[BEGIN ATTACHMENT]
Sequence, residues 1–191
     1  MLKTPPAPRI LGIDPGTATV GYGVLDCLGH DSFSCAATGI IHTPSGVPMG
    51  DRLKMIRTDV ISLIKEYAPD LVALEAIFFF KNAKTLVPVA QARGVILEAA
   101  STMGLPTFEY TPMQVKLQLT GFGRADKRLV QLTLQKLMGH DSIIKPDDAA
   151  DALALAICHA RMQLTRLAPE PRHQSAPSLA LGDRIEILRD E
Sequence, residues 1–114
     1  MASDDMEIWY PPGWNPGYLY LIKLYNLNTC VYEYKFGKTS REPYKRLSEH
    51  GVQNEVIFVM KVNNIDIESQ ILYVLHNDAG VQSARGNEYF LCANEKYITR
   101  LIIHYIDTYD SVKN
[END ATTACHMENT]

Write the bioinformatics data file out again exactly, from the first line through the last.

Sequence, residues 1–191
     1  MLKTPPAPRI LGIDPGTATV GYGVLDCLGH DSFSCAATGI IHTPSGVPMG
    51  DRLKMIRTDV ISLIKEYAPD LVALEAIFFF KNAKTLVPVA QARGVILEAA
   101  STMGLPTFEY TPMQVKLQLT GFGRADKRLV QLTLQKLMGH DSIIKPDDAA
   151  DALALAICHA RMQLTRLAPE PRHQSAPSLA LGDRIEILRD E
Sequence, residues 1–114
     1  MASDDMEIWY PPGWNPGYLY LIKLYNLNTC VYEYKFGKTS REPYKRLSEH
    51  GVQNEVIFVM KVNNIDIESQ ILYVLHNDAG VQSARGNEYF LCANEKYITR
   101  LIIHYIDTYD SVKN